14.1 Donor malignancies known to be transmitted or known not to be transmittedby cancer, organ and cell type

Although the risk of malignancy transmission has been understood and reported since the first years of clinical transplantation, donors with known malignancy or with a high risk of malignancy have thus been screened and avoided. The frequency of donors with malignant tumors are thus not known with precision since it is only through failures and unusual circumstances that transmissions have been reported. The limited information on such risks leads to the standard approach to consideration of individual / undocumented situations, based on a number of principles, as follows:

Diagnosis: A diagnosis of cancer in the donor, which may be definite (known histology), or probable (diagnosis reported by a third party).

Biological behaviour of the tumour: The characteristics of the expected biological behaviour and prognosis of the specific cancer in the normal population.

a) A cancer that has the potential to metastasise in the normal population should be a contra-indication to donation.
b) Exceptions are made specifically to permit donation from donors with a history of malignancy: skin cancers that do not metastasise in normal population e.g. basal cell carcinoma; and some central nervous system (CNS) malignancies that are known to be contained in the specific individual donor within the blood brain barrier through absence of intervention.

Tumour therapy performed / current follow-up: Consideration is made of specific cancers where the diagnostic evidence is explicit, but curative treatment and disease-free intervals are definitely observed such that the risk of metastasis in the normal population is minimal. Specific cancers that may behave differently in the immunosuppressed populations are excluded even if they meet this criterion e.g. melanoma, Kaposi’s sarcoma. A literature review performed in NOTIFY sought to review the current knowledge on risks of malignancy transmission through the transfer of MPHO and intended to determine if the principles outlined above do or do not provide a continuing basis for assessing the transmission risk for malignant disease. This information was mainly derived from dedicated follow-up registries, particularly in the field of organ transplantation e.g. the Australian and New Zealand Dialysis and Transplant Registry, the Centro Nazionale di Trapianti Tumour Registry, the Danish Tumour Registry, the Israel Penn International Transplant Tumor Registry, the Organización Nacional de Trasplantes Tumour Registry, and the United Network for Organ Sharing Registry.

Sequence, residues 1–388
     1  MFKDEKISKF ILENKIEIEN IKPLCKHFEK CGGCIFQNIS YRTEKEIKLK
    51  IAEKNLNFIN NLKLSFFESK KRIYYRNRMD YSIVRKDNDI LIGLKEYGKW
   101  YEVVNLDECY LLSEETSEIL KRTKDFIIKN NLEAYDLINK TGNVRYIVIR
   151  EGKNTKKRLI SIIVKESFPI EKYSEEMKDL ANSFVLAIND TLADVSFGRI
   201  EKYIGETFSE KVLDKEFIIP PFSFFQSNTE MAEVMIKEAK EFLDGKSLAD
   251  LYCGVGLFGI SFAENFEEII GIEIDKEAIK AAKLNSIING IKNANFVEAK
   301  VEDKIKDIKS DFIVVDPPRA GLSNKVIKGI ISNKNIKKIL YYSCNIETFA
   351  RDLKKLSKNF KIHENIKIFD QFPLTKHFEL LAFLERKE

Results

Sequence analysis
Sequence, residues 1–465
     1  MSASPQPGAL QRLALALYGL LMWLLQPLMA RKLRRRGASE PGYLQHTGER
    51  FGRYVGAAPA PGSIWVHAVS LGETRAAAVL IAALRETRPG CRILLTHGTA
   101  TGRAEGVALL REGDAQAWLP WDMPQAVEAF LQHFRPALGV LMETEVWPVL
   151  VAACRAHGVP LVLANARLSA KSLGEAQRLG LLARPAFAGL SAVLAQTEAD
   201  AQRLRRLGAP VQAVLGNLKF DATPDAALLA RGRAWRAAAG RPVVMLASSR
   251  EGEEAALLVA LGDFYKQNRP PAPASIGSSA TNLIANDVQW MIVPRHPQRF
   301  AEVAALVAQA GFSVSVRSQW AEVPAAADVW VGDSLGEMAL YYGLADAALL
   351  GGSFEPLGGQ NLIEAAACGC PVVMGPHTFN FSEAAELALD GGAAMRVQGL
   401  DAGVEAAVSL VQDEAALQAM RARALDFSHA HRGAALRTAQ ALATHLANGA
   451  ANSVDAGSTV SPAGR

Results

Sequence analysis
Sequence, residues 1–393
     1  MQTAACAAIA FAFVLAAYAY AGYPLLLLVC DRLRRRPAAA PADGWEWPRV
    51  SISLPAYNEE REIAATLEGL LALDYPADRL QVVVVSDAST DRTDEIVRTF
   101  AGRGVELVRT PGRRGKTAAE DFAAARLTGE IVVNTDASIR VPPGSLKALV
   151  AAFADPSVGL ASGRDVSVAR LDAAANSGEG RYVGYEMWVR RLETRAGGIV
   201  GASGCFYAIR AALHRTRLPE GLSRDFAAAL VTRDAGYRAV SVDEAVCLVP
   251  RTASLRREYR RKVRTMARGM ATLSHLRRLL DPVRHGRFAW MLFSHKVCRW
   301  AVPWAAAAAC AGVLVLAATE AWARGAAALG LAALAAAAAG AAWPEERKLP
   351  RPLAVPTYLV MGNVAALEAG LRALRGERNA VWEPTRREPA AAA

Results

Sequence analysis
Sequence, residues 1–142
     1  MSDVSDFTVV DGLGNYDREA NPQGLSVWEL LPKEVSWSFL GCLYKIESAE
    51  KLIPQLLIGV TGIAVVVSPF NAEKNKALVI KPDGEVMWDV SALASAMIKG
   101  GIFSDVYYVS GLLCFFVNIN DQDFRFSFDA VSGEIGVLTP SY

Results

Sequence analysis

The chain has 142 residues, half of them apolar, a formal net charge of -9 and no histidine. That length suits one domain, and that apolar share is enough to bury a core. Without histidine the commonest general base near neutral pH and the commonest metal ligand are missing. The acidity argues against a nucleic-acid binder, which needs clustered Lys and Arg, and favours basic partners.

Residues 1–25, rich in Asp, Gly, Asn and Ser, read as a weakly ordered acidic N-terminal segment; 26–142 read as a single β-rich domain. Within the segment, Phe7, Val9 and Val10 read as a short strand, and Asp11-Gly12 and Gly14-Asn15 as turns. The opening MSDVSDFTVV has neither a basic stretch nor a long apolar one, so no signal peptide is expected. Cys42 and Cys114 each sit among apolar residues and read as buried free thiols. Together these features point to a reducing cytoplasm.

The review of the published information (mainly case reports) also intended to serve for outlining the clinical manifestations of transmitted malignancies and providing guidance on how to determine the likelihood of malignancy transmission. As a result of the aforementioned literature review, a list of reported MPHO transmitted malignancies is provided in Table 4.

Table 4. List of malignancies for which at least one report on transmission through the transfer of MPHO has been identified.

Cornea Organs Hematopoietic Stem Cells
Papillary Adenocarcinoma
Lymphoproliferative disorders
Breast cancer
CNS neoplasias
Colo-rectal carcinoma
Liver Cancer
Lung Cancer
Ovarian Cancer
Pancreatic Carcinoma
Prostate Carcinoma
Renal Cell Carcinoma
Bladder Cancer – urothelial carcinoma
Lymphoproliferative disorders
Non-Hodgkin Lymphoma
     Acute Myeloid
     Acute Lymphocytic
     Chronic Myeloid
     Chronic Lymphocytic